Reverse Polish notation (or just RPN) by analogy with the related Polish notation, a prefix notation introduced in 1920 by the Polish mathematician Jan Łukasiewicz, is a mathematical notation wherein every operator follows all of its operands. It is also known as Postfix notation and is parenthesis-free.
The Reverse Polish scheme was proposed by F. L. Bauer and E. W. Dijkstra in the early 1960s to reduce computer memory access and utilize the stack to evaluate expressions. The notation and algorithms for this scheme were enriched by Australian philosopher and computer scientist Charles Hamblin in the mid-1960s.
In Reverse Polish notation the operators follow their operands; for instance, to add three and four, one would write "3 4 +" rather than "3 + 4". If there are multiple operations, the operator is given immediately after its second operand; so the expression written "3 − 4 + 5" in conventional infix notation would be written "3 4 − 5 +" in RPN: first subtract 4 from 3, then add 5 to that. An advantage of RPN is that it obviates the need for parentheses that are required by infix. While "3 − 4 * 5" can also be written "3 − (4 * 5)", that means something quite different from "(3 − 4) * 5", and only the parentheses disambiguate the two meanings. In postfix, the former would be written "3 4 5 * −", which unambiguously means "3 (4 5 *) −".
Interpreters of Reverse Polish notation are often stack-based; that is, operands are pushed onto a stack, and when an operation is performed, its operands are popped from a stack and its result pushed back on. Stacks, and therefore RPN, have the advantage of being easy to implement and very fast.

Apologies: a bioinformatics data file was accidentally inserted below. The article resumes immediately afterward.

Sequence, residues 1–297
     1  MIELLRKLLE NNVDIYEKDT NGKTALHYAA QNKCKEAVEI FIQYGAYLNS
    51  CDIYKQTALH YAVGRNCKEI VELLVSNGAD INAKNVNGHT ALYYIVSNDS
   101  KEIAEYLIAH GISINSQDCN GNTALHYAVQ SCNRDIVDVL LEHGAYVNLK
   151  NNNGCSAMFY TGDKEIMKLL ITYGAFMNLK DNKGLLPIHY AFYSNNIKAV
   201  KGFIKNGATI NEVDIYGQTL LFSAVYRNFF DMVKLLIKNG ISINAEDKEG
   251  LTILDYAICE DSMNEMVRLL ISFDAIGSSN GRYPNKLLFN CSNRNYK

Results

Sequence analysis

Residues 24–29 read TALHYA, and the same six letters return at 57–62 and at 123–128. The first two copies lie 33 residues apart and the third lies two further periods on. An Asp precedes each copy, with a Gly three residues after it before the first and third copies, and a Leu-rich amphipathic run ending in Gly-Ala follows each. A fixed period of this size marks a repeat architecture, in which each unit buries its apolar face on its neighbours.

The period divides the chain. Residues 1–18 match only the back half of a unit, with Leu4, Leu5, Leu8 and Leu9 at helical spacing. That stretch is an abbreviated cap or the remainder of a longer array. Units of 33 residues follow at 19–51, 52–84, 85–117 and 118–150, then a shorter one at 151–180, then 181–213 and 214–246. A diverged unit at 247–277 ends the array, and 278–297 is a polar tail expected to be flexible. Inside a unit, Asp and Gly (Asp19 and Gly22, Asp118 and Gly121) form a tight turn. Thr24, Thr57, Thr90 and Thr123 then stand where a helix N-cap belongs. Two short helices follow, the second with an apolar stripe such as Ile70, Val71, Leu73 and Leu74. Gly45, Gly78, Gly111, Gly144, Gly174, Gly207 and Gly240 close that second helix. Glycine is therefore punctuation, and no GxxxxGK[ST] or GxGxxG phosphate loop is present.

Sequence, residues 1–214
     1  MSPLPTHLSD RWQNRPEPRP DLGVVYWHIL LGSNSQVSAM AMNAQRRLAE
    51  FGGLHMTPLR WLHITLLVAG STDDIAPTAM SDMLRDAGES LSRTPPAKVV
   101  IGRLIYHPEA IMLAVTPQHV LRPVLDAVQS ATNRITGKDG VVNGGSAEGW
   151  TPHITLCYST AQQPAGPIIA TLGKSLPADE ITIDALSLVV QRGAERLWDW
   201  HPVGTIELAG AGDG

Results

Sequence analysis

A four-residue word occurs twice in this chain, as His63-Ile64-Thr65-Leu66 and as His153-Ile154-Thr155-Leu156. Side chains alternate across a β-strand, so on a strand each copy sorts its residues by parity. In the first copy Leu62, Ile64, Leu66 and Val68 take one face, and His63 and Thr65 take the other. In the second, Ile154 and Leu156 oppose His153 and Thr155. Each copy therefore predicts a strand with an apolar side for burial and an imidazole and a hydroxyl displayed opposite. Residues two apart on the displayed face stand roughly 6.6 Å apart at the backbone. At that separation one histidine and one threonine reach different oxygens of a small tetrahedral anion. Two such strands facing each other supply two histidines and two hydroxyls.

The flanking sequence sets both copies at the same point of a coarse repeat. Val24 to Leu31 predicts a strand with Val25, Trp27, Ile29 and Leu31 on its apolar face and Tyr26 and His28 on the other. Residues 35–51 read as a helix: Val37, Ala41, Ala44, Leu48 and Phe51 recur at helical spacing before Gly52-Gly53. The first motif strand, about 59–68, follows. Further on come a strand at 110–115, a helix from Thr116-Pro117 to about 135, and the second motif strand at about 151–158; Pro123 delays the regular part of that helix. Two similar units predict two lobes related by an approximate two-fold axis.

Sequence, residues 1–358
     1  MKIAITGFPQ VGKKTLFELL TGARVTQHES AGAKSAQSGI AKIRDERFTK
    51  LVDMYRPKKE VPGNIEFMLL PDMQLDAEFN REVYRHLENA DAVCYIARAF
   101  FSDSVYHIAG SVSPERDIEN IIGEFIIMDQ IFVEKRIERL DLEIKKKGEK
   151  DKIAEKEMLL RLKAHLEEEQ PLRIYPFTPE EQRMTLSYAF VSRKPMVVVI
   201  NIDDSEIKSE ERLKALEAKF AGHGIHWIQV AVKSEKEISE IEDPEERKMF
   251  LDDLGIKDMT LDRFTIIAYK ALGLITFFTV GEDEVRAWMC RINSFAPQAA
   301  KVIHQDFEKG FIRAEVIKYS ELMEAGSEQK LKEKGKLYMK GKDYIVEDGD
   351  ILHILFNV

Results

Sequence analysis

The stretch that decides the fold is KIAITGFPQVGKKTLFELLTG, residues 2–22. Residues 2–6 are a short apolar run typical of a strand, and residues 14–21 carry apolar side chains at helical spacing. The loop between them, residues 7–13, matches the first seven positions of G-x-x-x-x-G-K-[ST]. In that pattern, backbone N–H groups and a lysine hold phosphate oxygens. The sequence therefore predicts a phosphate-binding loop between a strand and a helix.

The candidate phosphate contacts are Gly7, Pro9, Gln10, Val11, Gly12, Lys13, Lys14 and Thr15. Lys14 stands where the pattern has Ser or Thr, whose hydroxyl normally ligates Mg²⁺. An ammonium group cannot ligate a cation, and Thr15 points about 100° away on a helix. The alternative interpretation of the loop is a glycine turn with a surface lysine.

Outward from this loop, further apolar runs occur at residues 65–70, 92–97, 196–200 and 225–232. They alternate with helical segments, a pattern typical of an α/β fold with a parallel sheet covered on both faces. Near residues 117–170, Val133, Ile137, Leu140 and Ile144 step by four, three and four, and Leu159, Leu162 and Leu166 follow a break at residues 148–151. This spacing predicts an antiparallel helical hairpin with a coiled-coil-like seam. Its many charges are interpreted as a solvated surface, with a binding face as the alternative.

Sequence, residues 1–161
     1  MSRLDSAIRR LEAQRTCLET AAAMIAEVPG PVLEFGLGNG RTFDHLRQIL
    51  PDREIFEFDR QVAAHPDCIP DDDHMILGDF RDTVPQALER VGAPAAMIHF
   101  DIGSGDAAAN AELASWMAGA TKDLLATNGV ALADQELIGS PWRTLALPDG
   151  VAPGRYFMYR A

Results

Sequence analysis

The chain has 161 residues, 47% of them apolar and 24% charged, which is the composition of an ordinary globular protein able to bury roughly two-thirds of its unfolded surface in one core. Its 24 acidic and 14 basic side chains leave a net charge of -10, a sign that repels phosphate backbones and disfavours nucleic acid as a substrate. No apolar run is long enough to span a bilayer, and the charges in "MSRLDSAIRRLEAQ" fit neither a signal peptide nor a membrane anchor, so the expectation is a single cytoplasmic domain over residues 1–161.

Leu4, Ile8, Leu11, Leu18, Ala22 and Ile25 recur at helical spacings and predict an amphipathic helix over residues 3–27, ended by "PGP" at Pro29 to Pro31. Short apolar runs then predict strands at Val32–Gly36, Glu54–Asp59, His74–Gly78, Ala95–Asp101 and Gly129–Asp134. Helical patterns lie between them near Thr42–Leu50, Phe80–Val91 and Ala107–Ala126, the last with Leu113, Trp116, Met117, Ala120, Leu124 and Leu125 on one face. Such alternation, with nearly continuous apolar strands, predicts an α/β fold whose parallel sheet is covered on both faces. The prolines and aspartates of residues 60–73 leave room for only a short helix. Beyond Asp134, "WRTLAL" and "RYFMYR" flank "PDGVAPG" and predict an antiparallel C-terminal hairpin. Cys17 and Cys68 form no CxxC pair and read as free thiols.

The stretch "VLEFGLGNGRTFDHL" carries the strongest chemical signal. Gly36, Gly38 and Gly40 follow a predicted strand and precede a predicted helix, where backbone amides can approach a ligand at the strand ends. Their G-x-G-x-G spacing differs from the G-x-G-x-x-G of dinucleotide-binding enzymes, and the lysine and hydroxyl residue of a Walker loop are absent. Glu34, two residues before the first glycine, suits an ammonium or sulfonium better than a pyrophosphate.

Note that, despite the name, reverse Polish notation is not exactly the reverse of Polish notation, as the operands of non-commutative operations are still written in the conventional order (e.g. "6 3 /" in reverse Polish corresponds to "/ 6 3" in Polish notation, these both evaluating to 2). Numbers are also written with the digits in the conventional order.
Calculations occur as soon as an operator is specified. Thus, expressions are not entered wholesale from right to left but calculated one piece at a time from the centre outwards. This results in fewer operator errors when performing complex calculations.
The automatic stack permits the automatic storage of intermediate results for use later: this key feature is what permits RPN calculators easily to evaluate expressions of arbitrary complexity: they do not have limits on the complexity of expression they can calculate, unlike typical scientific calculators.
Brackets and parentheses are unnecessary: the user simply performs calculations in the order that is required, letting the automatic stack store intermediate results on the fly for later use. Likewise, there is no requirement for the precedence rules required in infix notation.
In RPN calculators, no equals key is required to force computation to occur.
RPN calculators do, however, require an enter key to separate two adjacent numeric operands.
The machine state is always a stack of values awaiting operation; it is impossible to enter an operator onto the stack. This makes use conceptually easy compared to more complex entry methods.
Educationally, RPN calculators have the advantage that the user must understand the expression being calculated: it is not possible to simply copy the expression from paper into the machine and read off the answer without understanding. One must calculate from the middle of the expression, which makes life easier but only if the user understands what they are doing.
Reverse Polish notation also reflects the way calculations are done on pen and paper. One first writes the numbers down and then performs the calculation. Thus the concept is easy to teach.